Fall Arts Issue Critics Picks
From the Arts Harvest, our critics pluck choice treats
By Robert Faires, Wayne Alan Brenner, Adam Roberts, Dan Solomon, and Elizabeth Cobbe, Fri., Sept. 14, 2012
With the autumn comes the feast, in the arts as well as in the harvest. This season is such a cornucopia of cultural delights that we couldn't contain all our recommendations on this issue's fall calendar.
Two discarded NASA astronauts (played by Jason Newman and Fusebox's Brad Carlin) are recruited by a private space agency circa 1985 to mine the tail of Halley's Comet – and the mission takes a psychologically devastating turn deep into the recesses of those flawed, human minds. This is an Austin premiere directed by Jeffery Mills from a script by him, Jason Newman, and Brent Werzner. Featuring an original score by Graham Reynolds, sound by Buzz Moran, set by Ia Ensterä, and the whole thing unraveling from the past into an ugly future, right now. - Wayne Alan Brenner
Sept. 13-22, Thu.-Sat. The Off Center, 2211-A Hidalgo. www.spacestation1985.com
Pipe organ rock star – an apparent oxymoron if ever there was one, right? Not when Cameron Carpenter's at the keys. This rebel with a very real cause – "to destroy whatever notions you may have about what an organ can do," according to CBS' Tracy Smith – puts the pedals to the metal as he revs up the instrument to its fullest. Ever heard Chopin's "Revolutionary Étude," with its famous left-hand fireworks (or Sousa's perennial "Stars and Stripes Forever" piccolo solo) transferred to an organ's pedal board? These are just two examples of what Carpenter has up his sleeve – and pants leg – in a repertoire chock full of flashy delights, reminding us that the centuries-old instrument is still piping hot. - Adam Roberts
Fri., Nov. 2, 8pm. Bates Recital Hall, 2400 Robert Dedman Dr. www.texasperformingarts.org
The Scarlet Letter
Sarah Saltwick has been one of Austin's brightest rising young playwrights for a few years now, and – if workshop productions, FronteraFest pieces, and staged readings are any indication – she's stepped up her game while working as a Michener Fellow at the University of Texas. So it'll be very exciting to see her interpretation of a classic work like The Scarlet Letter that deals with the themes she's explored in her earlier material. Plus, it's a fully realized production with a UT Department of Theatre & Dance budget. Saltwick's work has been compelling when it's been little more than actors in chairs with scripts in hand, so it's high time we see it properly envisioned. - Dan Solomon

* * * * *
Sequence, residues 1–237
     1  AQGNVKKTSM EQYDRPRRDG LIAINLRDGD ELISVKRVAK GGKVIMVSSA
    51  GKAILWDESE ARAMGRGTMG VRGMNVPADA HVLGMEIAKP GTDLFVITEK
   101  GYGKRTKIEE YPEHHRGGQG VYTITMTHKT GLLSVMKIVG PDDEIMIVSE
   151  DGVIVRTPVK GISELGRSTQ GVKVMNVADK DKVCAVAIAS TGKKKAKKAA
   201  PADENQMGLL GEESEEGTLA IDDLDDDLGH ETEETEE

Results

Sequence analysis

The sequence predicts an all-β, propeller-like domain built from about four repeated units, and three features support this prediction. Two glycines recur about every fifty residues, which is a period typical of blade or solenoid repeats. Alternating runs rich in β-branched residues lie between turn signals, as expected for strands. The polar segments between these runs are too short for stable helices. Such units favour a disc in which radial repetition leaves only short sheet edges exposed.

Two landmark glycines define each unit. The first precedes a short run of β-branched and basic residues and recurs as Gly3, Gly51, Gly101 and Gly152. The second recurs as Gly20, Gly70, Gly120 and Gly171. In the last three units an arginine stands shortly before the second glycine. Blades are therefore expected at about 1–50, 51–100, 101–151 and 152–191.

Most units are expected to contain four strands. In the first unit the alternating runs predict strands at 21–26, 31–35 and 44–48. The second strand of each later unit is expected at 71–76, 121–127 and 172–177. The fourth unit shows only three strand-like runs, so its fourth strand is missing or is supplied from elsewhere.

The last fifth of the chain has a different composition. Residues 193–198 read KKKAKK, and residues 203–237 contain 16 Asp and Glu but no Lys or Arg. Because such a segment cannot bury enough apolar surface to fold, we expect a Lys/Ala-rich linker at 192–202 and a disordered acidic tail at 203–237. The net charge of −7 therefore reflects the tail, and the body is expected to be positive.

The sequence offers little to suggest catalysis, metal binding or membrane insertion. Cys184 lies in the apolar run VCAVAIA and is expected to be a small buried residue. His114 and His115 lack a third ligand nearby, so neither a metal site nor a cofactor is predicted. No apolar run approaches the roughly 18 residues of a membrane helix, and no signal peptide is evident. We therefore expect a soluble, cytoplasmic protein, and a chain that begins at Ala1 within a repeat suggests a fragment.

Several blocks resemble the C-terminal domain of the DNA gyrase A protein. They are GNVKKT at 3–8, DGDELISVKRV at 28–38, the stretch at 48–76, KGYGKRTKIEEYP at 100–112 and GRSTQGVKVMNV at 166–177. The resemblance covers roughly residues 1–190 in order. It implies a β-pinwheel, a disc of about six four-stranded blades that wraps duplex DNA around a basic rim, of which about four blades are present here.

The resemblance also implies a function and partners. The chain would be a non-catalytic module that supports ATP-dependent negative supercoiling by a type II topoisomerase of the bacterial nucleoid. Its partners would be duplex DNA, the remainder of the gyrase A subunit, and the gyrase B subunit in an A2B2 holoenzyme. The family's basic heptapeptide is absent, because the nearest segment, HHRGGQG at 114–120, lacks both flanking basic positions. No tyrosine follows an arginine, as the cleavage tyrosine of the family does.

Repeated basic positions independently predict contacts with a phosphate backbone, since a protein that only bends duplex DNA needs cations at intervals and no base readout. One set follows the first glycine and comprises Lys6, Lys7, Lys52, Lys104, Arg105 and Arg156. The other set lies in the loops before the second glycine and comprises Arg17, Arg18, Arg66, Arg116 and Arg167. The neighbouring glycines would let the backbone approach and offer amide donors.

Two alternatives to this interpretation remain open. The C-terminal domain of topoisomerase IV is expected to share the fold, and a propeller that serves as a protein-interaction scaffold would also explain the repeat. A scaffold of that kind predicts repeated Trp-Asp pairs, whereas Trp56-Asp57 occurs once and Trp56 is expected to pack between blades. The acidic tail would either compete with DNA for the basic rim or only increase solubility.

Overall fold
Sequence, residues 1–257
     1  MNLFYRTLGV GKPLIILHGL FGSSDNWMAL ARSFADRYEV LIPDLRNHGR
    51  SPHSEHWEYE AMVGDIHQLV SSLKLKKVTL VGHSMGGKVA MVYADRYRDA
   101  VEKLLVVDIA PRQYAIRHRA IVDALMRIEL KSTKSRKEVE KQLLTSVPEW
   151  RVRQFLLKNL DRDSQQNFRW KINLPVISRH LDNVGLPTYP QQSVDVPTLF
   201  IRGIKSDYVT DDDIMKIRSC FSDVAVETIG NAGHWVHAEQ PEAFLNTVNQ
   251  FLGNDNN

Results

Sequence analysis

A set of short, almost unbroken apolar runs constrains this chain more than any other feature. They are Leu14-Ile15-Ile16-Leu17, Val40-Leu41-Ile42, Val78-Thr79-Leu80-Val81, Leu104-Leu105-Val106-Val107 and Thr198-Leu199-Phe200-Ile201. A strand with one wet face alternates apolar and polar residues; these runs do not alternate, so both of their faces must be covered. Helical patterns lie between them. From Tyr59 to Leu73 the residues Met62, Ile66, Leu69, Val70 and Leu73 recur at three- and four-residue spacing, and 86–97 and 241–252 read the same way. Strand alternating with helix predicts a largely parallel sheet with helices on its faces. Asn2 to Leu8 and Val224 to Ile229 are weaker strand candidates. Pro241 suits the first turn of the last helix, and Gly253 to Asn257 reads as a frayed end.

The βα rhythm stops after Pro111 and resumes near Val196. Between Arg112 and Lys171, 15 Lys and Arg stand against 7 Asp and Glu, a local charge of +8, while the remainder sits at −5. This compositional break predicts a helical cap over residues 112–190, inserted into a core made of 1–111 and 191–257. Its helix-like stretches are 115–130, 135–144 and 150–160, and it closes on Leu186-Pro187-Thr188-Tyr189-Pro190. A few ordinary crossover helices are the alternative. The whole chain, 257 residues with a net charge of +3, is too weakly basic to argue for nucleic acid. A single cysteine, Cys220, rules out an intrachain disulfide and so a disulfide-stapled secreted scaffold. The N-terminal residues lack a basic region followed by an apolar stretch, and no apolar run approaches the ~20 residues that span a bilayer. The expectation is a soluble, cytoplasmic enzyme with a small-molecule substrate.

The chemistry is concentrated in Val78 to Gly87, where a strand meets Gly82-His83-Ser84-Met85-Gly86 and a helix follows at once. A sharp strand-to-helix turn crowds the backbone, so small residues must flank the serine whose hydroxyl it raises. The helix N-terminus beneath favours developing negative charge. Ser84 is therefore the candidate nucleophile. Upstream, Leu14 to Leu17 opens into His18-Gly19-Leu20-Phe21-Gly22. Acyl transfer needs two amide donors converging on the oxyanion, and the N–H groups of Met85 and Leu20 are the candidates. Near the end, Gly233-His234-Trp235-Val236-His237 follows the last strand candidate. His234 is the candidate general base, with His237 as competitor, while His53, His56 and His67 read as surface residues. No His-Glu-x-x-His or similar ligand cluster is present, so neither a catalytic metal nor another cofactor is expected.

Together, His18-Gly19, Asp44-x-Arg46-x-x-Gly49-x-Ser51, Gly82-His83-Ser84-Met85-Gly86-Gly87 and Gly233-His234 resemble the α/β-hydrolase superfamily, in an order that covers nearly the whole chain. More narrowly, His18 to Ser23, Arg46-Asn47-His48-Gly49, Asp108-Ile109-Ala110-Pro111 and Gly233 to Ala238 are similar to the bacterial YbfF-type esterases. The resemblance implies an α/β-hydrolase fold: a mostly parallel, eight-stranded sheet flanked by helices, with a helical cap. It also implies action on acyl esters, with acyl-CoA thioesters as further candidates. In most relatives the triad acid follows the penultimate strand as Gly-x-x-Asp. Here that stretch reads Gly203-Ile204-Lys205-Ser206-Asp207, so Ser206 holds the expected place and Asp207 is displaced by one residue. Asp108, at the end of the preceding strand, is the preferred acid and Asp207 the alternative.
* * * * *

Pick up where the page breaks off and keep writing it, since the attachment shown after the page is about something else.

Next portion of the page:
Nov. 16-Dec. 7, B. Iden Payne Theatre, 22 E. 23rd. www.finearts.utexas.edu/tad
Ancient Voices With Sara Hessel – Live!
I'm a theatre writer. I know little about early music or Baroque choral compositions – but I can tell you what I love about this music. These works present voices singing in a manner so different than how we typically hear them that the simple and essential quality of the vocal performances cleanses one's brain. Also, this presentation of KMFA's twice-weekly show by La Follia Austin Baroque will feature an instrument known as the sackbut (it's like a trombone). Y'all can have your music theory. Me? I'll be sitting in the back, loving the music and snickering at the sackbut. - Elizabeth Cobbe
Sat., Dec. 1, First Presbyterian Church, 8001 Mesa. www.lafollia.org
"I Have Seen the Future: Norman Bel Geddes Designs America"